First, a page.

“Developmental Disorders” is an umbrella term for a group of disorders that are diagnosed in childhood. One of the more common disorders is Autism Spectrum Disorder or ASD. ASD was formerly called Autism Disorder until the term “spectrum” was added to allocate for the broad range in which this disorder can manifest and its varying degrees of severity.
Most of the stigma around people with autism is wrapped around the notion that they are inferior or weaker because of their disorder. In an episode of ManilaMed Health Line focusing on “The Truth About Autism”, Dr. Rita Grace Villadolid, Developmental Pediatrician for ManilaMed, stresses the importance of understanding ASD.
According to her, “autism” does not define a patient as a person. It should not be used to box in and limit a person’s capabilities or potential. “Kapag ang isang tao ay may autism, isang bahagi lang ‘yon ng pagkatao niya. We just have to look at each person as individuals and not just focus on the diagnosis.”
Dr. Villadolid explains that there are no exact symptoms to ASD. Instead, there are “Core Impairments” which are common characteristics within the autism spectrum. These include: social skills difficulties, communication difficulties, and restricted interest or sensory issues. The appearance of these characteristics have, as of now, no determined cause yet.
There are, however, studies that suggest that certain people could have a higher risk of being diagnosed with ASD than others. Families with a history of autism among its members would mean higher chances of later generations being born with the condition as well.
The first year of a baby’s life is exciting because of the rapid changes and leaps in his or her development. But these monthly milestones or developmental milestones are more than just markers of a baby’s achievements. The presence, or lack thereof, of these markers is what doctors use to check if an infant has a developmental disorder. Dr. Villadolid strongly advises parents, especially new mothers, to follow schedules for their babies’ postpartum checkups.
Since characteristics of autism can only be documented in line with the developmental milestones of an infant, in-womb diagnosis of autism is impossible. Once certain that developmental milestones were missed or have taken too long to appear, parents should have him or her tested for possible Developmental Disorders.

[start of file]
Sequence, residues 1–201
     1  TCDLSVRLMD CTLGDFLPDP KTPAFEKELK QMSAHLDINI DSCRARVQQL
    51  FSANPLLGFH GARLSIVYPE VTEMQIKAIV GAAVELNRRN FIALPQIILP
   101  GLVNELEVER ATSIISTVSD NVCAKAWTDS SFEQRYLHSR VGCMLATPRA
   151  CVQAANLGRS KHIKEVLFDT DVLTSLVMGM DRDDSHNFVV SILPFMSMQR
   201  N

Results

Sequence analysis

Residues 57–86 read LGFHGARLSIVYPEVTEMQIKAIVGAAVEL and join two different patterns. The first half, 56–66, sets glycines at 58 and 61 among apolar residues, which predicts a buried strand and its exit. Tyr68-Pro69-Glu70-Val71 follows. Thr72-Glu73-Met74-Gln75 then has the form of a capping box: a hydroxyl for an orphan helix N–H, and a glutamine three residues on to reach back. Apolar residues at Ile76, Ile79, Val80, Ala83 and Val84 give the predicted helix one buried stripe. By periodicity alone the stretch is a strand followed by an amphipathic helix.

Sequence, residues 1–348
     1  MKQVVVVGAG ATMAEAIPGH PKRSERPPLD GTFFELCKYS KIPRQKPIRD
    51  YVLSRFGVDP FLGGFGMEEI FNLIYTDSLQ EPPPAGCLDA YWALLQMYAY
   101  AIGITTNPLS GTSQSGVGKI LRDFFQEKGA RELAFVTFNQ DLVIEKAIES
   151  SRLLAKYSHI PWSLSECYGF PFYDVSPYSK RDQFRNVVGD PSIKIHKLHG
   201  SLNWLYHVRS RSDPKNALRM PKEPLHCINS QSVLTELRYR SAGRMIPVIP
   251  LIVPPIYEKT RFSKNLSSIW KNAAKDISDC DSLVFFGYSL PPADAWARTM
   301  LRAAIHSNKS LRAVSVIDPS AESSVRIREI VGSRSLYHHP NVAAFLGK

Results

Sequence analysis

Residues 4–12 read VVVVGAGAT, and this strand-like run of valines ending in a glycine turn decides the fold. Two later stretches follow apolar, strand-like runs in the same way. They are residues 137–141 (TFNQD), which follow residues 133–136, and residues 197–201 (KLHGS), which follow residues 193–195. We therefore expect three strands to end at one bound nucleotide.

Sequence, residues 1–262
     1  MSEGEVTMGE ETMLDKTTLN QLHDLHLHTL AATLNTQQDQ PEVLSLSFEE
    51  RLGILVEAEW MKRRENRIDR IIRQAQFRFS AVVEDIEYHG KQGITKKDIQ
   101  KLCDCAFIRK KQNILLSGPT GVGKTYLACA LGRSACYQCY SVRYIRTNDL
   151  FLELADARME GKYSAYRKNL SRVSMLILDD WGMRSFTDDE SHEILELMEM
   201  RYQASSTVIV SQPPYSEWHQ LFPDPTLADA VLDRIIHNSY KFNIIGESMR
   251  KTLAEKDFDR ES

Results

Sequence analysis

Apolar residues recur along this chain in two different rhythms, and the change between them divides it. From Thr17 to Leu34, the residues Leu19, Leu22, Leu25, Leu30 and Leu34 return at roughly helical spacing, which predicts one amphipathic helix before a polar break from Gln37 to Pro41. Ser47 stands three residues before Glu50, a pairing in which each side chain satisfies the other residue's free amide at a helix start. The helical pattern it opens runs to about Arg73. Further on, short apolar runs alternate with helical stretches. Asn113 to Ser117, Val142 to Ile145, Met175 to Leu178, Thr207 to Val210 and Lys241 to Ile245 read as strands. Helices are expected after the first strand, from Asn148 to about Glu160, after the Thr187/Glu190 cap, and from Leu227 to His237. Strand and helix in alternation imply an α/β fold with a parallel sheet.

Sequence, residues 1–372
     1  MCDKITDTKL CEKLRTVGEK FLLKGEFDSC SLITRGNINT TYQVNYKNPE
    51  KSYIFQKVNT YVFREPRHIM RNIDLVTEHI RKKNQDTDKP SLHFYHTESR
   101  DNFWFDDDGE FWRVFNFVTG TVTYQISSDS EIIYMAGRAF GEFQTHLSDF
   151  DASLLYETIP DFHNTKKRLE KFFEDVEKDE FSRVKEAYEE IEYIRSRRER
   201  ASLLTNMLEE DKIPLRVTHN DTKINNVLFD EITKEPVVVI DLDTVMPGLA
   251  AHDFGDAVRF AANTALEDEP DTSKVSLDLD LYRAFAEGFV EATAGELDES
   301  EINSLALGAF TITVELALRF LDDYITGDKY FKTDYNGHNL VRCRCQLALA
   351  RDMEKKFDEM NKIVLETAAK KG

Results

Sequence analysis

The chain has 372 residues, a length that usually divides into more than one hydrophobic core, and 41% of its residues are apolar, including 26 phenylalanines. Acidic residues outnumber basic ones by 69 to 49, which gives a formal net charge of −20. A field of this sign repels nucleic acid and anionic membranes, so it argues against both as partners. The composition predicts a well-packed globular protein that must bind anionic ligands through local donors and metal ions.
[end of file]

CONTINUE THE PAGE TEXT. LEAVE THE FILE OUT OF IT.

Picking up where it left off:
A child who has been diagnosed with autism has several options for therapy. For those with difficulties in communication and social skills, as well as behavioral problems, they may be treated with speech and occupational therapy.
Other options include Special Education, which focuses on children and persons with special needs. This involves adjusting to the patient’s learning curve and helping them develop and learn at a pace that is not shocking or triggering.
The most important form of help, according to Dr. Villadolid, is parent training. Parents are taught how to handle and respond to their children properly. They also learn how to make the home a safe environment for their child.
When asked what limitations can be expected from those diagnosed with autism, Dr. Villadolid responded by saying, “Mahirap sabihin kung ano ang hindi nila kayang gawin. Pero definitely maraming pwedeng magawa, lalo na kung ang pamilya ay pupunta talaga ng maaga para ma-evaluate ang bata. Hindi ibig sabihin na kapag ang bata ay mabigyan ng diagnosis ng autism ay wala na siyang magagawa, definitely not.” Despite the limitations caused by the disorder, such may vary among individuals. This should give hope to parents of children with autism.
With therapy, proper education, and social support, people with autism can become happy and productive. Dr. Villadolid reiterates,“How a parent understands what autism is very important in terms of dealing and teaching their children,” a diagnosis of autism does not box in or totally limit the potential of a child or adult.
For further inquiries regarding Developmental Disorders, or if you know someone who needs to be checked and tested for the condition, visit ManilaMed’s Child Development Enrichment Center or call (02) 523 8131 loc. 7795/ 7796.